Oil prices edge lower as pandemic sparks demand fall
Oil prices dropped for a second day on Friday over worries about an escalating case of the coronavirus, which United States President Donald Trump just tested positive for, and breakdown of talks among negotiators of a U.S. stimulus package.
The chances that an oil supply surge around the world will suppress a feeble price recovery also hurt trade.
Brent crude futures slid by 1.74% or 4.25% to $39.19 per barrel at 11:34 West Africa Time just as U.S. West Texas Intermediate (WTI) crude futures lost 1.69% or 4.36% to $37.03.
Bonny Light, Nigeria’s premium oil grade, eased by $1.64 or 4.04% to $38.94 on Thursday. But Qua Iboe, another key national oil grade, bucked the general losing trend in the market that same day as it climbed by $1.36 or 3.38% to $41.54.
Brent and WTI are on track for declines of 5% and 6% in that order this week for a second straight week of depreciation.
In a Twitter statement, Trump said he and First Lady Melania Trump had contracted the virus.
Oil was already posting losses after U.S. House Speaker Nancy Pelosi kept struggling to get a bipartisan deal for greater economic succour in response to the pandemic and the White House stoked fears of crumbling demand without further support for the economy.
“It was a weak market already and this event has come along and added uncertainty, giving pause for people to say, ‘you know what, I’m taking some risk off the table’,” Lachlan Shaw, commodity research lead at National Australia Bank in Melbourne.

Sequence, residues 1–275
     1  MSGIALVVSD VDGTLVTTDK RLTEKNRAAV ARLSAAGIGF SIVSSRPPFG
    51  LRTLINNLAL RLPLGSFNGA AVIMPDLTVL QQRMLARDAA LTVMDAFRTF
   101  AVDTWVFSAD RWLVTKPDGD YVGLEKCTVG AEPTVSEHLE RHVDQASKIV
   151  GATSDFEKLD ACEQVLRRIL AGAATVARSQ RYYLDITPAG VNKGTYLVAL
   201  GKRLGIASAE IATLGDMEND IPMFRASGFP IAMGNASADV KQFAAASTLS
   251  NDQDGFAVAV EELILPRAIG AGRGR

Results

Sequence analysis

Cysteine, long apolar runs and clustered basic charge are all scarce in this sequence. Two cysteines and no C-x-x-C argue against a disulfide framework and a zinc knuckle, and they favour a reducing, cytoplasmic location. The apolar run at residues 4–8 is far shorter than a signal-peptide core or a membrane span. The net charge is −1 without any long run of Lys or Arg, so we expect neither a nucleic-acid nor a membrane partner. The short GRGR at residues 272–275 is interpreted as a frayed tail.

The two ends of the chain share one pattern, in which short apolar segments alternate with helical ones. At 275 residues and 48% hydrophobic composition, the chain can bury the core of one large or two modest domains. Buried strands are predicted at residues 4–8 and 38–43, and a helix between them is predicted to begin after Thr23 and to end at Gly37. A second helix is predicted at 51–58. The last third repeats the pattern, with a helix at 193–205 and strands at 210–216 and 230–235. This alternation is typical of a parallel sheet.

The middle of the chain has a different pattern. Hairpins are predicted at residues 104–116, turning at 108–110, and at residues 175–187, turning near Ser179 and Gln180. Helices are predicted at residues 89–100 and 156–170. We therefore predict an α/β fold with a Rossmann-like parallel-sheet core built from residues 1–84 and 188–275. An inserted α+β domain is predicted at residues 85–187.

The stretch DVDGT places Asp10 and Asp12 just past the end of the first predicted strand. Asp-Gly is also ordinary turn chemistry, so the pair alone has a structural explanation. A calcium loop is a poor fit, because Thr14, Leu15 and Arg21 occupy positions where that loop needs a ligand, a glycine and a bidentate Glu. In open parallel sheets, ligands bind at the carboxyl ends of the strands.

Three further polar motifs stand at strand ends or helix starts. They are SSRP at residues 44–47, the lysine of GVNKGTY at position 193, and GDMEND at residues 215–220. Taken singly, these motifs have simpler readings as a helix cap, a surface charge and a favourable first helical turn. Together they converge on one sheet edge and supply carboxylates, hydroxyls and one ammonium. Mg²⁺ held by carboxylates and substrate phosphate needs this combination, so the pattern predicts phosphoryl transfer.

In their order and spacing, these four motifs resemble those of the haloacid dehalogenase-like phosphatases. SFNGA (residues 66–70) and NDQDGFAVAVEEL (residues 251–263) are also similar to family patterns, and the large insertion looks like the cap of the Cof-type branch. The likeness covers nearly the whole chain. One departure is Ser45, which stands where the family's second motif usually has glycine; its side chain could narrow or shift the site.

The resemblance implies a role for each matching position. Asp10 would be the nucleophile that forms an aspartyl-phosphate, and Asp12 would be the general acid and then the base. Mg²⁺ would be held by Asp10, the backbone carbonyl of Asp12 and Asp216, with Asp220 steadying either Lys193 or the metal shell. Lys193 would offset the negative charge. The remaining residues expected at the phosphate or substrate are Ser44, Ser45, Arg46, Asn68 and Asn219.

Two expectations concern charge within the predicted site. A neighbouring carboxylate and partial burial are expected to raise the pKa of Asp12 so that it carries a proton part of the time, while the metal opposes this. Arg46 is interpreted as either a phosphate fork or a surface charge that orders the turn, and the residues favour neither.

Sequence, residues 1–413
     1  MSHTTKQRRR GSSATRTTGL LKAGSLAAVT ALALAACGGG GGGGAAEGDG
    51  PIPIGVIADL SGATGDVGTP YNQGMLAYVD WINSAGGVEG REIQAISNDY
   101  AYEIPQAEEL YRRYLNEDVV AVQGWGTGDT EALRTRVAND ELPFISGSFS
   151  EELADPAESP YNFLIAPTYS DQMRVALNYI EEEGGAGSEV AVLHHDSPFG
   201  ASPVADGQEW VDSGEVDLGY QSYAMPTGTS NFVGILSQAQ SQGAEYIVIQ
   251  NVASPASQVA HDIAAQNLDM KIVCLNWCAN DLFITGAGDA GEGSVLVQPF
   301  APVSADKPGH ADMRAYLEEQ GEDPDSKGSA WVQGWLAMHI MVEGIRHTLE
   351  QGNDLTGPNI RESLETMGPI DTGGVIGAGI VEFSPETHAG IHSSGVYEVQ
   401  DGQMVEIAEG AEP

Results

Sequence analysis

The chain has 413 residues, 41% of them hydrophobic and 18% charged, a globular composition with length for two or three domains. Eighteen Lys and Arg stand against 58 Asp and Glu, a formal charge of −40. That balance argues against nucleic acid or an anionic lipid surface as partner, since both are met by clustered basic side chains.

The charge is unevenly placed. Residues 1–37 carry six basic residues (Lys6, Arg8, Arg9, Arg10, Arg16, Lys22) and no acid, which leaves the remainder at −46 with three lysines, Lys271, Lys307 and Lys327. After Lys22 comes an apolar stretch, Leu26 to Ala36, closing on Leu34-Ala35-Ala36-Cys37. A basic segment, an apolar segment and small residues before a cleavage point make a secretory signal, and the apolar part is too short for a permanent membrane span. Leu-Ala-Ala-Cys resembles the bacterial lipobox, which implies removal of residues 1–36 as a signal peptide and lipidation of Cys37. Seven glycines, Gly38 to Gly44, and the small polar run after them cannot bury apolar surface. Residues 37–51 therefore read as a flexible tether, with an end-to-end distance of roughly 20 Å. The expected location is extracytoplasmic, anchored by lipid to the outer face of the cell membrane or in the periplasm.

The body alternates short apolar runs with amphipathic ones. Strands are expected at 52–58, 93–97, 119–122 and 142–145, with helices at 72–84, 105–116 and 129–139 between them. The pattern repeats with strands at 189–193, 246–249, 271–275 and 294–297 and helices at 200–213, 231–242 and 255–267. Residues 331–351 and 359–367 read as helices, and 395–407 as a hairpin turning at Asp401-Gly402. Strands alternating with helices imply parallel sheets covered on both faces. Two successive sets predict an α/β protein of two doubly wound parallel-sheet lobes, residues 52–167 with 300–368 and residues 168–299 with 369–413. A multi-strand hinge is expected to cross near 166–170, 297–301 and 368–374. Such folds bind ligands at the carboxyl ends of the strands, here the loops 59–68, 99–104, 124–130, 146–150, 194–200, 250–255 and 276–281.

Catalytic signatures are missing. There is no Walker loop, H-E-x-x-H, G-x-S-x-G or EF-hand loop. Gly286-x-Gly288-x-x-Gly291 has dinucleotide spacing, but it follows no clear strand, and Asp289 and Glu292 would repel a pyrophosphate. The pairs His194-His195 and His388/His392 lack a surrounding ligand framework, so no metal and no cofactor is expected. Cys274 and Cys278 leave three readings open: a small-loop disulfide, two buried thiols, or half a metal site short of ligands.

Read also: Oil prices dip over bleak demand prospects; Bonny Light gains $0.47
Oil output from the Organisation of the Petroleum Exporting Countries (OPEC) swelled by 160,000 barrels per day (bpd) in the month that just went by from the preceding month, a Reuters survey revealed.
The upsurge derived from bigger supplies from Libya and Iran, both OPEC members excused from an output agreement between the organisation and its Russia-led allies, a cartel knows as OPEC+.
Production in Libya has climbed well beyond analysts’ forecast following the lifting of a blockade by the Libyan National Army. The North African nation’s oil supply has lifted to 270,000 bpd as it intensifies export efforts, a Libyan source told Reuters on Thursday.
At 34 million, global pandemic cases are 2 million larger than at the end of last week according to Reuters tallies.
A grievous history was made this week when deaths reached the one million mark and many nations are firming up restrictions and mulling lockdowns as infections surge, raising fears about the implications for demand recovery.
Jeffrey Halley, senior market analyst at OANDA, said “oil’s upside was always likely to be limited as fears rise about the global consumption picture and rising OPEC+ production.”